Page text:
NEW YORK: Higher interest rates and grinding inflation are likely to begin taking a higher toll on US consumers who have so far mostly managed to remain in healthy financial shape, bank CEOs told a congressional panel on Wednesday (Sept 21).

The heads of the largest US banks warned in particular that low-income households face duress, as they appeared at a lengthy hearing before the House Financial Services Committee ahead of the Federal Reserve's announcement of an interest rate hike of three-quarters of a point.

The line-up before the committee included CEOs of the four largest US banks: JPMorgan Chase & Co’s Jamie Dimon, Wells Fargo’s Charles Scharf, Bank of America’s Brian Moynihan and Citigroup’s Jane Fraser. They were joined by the CEOs of the country’s largest regional lenders, US Bancorp, PNC Financial and Truist.

“It’s early days still in terms of seeing the impact of high interest rates on the consumer in the States,” said Fraser. “Fortunately, they entered this period with pretty strong balance sheets.”

She warned of “greater stress” for consumers with low credit ratings, predicting a drop in savings rates and “tougher times ahead” in general.

Remarks on the economy were interspersed as bankers navigated politically charged questions on climate change, President Joe Biden’s regulatory policies, executive leadership diversity and other topics.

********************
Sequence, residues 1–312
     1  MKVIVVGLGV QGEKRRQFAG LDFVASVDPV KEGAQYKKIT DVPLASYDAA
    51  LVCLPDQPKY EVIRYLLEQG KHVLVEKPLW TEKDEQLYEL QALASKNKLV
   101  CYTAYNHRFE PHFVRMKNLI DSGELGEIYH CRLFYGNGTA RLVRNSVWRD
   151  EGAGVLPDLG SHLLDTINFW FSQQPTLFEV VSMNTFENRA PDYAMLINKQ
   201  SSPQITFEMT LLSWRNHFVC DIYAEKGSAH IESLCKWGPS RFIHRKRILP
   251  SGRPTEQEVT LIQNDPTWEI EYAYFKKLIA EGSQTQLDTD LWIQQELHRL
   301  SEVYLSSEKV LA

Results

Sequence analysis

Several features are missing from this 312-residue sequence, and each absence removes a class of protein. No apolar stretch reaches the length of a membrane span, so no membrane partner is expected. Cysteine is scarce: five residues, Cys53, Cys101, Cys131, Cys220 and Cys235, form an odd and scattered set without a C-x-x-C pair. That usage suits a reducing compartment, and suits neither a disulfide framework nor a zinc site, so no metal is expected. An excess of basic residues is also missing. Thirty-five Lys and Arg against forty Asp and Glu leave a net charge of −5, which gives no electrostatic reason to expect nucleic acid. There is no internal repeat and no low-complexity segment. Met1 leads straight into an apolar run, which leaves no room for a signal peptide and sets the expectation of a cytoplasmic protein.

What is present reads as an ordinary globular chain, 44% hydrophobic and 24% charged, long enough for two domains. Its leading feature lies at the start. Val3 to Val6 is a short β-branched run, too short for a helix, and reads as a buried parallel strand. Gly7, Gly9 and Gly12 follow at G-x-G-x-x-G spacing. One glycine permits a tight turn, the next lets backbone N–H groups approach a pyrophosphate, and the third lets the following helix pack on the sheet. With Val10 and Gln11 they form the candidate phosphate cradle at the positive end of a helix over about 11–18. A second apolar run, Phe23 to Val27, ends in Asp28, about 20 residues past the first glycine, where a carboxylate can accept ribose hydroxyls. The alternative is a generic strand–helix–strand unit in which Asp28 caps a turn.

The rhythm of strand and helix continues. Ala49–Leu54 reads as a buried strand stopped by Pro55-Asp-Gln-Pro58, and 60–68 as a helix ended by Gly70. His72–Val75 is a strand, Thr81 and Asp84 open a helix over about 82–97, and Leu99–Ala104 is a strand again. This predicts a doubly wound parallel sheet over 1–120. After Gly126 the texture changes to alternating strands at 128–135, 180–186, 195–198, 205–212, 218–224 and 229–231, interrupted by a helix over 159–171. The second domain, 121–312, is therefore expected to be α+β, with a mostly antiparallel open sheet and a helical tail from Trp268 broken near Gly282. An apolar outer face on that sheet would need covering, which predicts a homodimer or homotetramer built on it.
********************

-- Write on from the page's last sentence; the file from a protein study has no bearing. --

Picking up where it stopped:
Andy Cecere, chief executive of US Bancorp, said that while savings rates remain above pre-pandemic levels, they have “stabilised” the last three months after growing consistently for the prior 18 months.

“The things that people are spending money on have changed substantially from discretionary to non-discretionary items like food and gas,” he told the panel.

“It’s appropriate that we’re very focused on inflation, because again, it is most harmful for those who afford it the least.”

Dimon said American consumers are in “rather good shape” with low debt levels in a strong jobs market.

But he said the economy faces an uncertain course, with only a “small chance” of a soft landing to the Fed’s monetary tightening policy.

Dimon said there was also a chance of a “mild recession” as well as a “harder recession, noting that in light of the war in Ukraine and the drag on food and energy supply, “there’s a chance it could be worse”.

“And I think policy makers should be prepared for the worst,” he added.

In a separate development, three major US banks said on Wednesday they will increase their prime lending rates by 75 basis points, bringing the rates to their highest since the global financial crisis of 2008.

JPMorgan Chase, Citigroup and Wells Fargo said the new rates would take effect today (Sept 22).

An increase in interest rates typically boosts banks' profitability, since they can earn more net interest income – a metric that gauges the difference between the money banks earn on loans and pay out on deposits.

However, too high interest rates can tip the economy over into a recession and squeeze consumer demand for loans, which can ultimately hurt lenders.

“Higher interest rates are going to lead to a slowdown in both consumer borrowing as well as corporate borrowing,“ said Lance Roberts, chief investment strategist and economist at RIA Advisors.

“This is going to impact economic growth to a great degree as we move further into 2023,” he added. – AFP, Reuters